Apologies in advance for not using the right terminology here; I'm not a biologist. This isn't for homework or anything; just curiosity.

I'm wondering: at what point do two divergent species stop being able to breed with one another, and what factors typically come into play to cause that change toward reproductive incompatibility?

I think the question above is maybe too broad, so instead I figured I'd ask for some examples of specific places in the evolutionary tree of life where this divergence occurred. I'm hoping this will give me some direction about where to start researching to find our how this typically happens in nature.

So:

Could you guys give me some examples of specific points in evolutionary history where a species was born which was suddenly unable to interbreed with its cousin species/grandparent species/etc?

Bonus points for answers with the following characteristics:

  • The incompatible species are very near one another in the evolutionary tree.
  • The species and its near-relative exist in common knowledge.
  • The reproductive differences between this species and its relative are significant and easy to understand.

put on hold as unclear what you're asking by Remi.b, David, another 'Homo sapien', Bryan Krause, James 2 hours ago

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    I am not sure I understand. Can someone just name two random species (like pelican and oak tree) and it would count as a good example. Or two more closely related species (like tiger and lions) for it to be of greatest interest to you. Or maybe species that have partial reproductive isolation (such as many great tit species among them if I am not mistaken). Or maybe event of polyploidization leading to direct reproductive isolation? What exactly are you looking for? – Remi.b Aug 9 at 19:10
  • @Remi.b Two random species technically works, but I'm specifically looking for the point of divergence; the first of two species with a common ancestor which cannot interbreed. – boxcartenant Aug 9 at 19:23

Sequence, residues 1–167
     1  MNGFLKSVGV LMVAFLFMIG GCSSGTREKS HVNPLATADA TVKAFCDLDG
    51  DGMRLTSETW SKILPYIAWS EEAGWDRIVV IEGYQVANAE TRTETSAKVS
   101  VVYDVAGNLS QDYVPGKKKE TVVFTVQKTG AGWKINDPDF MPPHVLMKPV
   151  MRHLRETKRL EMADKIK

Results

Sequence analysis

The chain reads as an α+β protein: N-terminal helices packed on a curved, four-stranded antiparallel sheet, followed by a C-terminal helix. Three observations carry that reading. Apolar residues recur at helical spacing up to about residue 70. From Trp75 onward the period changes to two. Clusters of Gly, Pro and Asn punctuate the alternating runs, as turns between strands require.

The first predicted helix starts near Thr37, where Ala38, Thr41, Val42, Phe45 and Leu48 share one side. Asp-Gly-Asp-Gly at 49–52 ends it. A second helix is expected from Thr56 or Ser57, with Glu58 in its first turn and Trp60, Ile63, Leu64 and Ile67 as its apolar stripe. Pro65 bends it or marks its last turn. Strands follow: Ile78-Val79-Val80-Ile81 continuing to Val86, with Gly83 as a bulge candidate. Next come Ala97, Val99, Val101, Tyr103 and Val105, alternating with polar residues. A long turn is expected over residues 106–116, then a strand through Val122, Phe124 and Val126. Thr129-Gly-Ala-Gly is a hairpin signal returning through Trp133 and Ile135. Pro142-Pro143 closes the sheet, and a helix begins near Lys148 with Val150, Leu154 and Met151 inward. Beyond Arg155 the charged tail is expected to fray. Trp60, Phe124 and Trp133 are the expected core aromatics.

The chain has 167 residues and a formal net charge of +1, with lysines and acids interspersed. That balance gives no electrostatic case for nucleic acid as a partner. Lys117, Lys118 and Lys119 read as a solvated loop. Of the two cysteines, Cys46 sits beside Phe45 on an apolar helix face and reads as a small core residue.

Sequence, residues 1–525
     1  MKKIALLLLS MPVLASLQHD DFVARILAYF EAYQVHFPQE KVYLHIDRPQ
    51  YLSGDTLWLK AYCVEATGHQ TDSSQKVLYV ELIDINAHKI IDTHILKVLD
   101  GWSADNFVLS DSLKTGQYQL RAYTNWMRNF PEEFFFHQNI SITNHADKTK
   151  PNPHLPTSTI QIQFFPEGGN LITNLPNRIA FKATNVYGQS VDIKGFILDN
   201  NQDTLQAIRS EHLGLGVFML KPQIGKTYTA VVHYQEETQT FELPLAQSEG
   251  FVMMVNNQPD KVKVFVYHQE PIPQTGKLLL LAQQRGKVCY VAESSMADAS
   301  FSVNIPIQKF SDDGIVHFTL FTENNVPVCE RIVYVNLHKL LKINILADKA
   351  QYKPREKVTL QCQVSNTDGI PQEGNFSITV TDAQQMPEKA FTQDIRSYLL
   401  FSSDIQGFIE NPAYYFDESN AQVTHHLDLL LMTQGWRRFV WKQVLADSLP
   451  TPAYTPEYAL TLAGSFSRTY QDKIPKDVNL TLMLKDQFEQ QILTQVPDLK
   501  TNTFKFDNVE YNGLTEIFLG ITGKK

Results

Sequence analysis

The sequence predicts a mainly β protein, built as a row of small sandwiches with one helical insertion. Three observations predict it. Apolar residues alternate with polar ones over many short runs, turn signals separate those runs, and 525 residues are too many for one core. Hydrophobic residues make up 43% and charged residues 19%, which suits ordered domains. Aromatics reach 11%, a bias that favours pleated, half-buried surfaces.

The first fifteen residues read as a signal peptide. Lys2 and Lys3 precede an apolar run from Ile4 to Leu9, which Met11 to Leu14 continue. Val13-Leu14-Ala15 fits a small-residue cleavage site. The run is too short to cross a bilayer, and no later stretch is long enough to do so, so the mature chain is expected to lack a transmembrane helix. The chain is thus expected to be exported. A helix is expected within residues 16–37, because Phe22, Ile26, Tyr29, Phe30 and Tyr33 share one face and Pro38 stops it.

• Are you looking for species that are currently undergoing increase in reproductive isolation? – Remi.b Aug 9 at 19:29
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    You might be interested in classical examples of adaptive radiation, incl. Darwin finches, cichlids and anoles. – Remi.b Aug 9 at 19:48
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    I think one problem here is with defining a specific point. E.g. horses and donkeys (and some other equines) can interbreed and produce offspring - mules - but the offspring aren't fertile. – jamesqf Aug 10 at 3:59
up vote 2 down vote accepted

Two obvious answers are genome doubling in plants, and Wolbachia-mediated infertility in insects. Both can cause one-generation speciation as measured by lack of interfertility.

Polyploidy, which arises through complex genetic and ecological processes, is an important mode of plant speciation. This review provides an overview of recent advances in understanding why plant polyploid species are so ubiquitous and diverse. We consider how the modern framework for understanding genetic mechanisms of speciation could be used to study allopolyploid speciation that occurs through hybrid genome doubling, that is, whole genome doubling of interspecific F1 hybrids by the union of male and female unreduced gametes.

--Genetic Mechanisms of Allopolyploid Speciation Through Hybrid Genome Doubling: Novel Insights from Wheat (Triticum and Aegilops) Studies

Bacteria of the genus Wolbachia are reproductive parasites of arthropods. They are cytoplasmically inherited (i.e. from mothers to daughters, like mitochondria) and their phenotypic effects on their hosts range from induction of parthenogenesis in certain hymenopteran groups, to feminization of genetic males in isopod crustaceans and to induction of cytoplasmic incompatibility in many insects ... Three ways have been suggested4. The first suggestion is induction of parthenogenesis (assuming that the infection becomes fixed in the species). This process appears to occur in the hymenopteran Encarsia formosa7; males in this species can be obtained when mothers are treated with antibiotics, however, they are incapable of mating. The second way is offered by bidirectional incompatibility (Box 1). If a population is infected with two different strains of Wolbachia that are incompatible with each other, then bidirectional incompatibility will act as a post-zygotic reproductive barrier. A promising candidate is the species complex of the wasp genus Nasonia2, 3. The third way is offered by unidirectional incompatibility (Box 1). In this case, Wolbachia is acting as just one of the reproductive barriers enhancing speciation between two taxa.

--Wolbachia as a speciation agent

In general, though, the question seems to reflect a misunderstanding. Evolutionary theory doesn't suggest, let alone require, a sudden loss of interfertility during speciation. In many cases the lack of interfertility is incidental, and isn't selected; even in cases where it is selected, you expect to see the common gradual changes rather than abrupt transitions.

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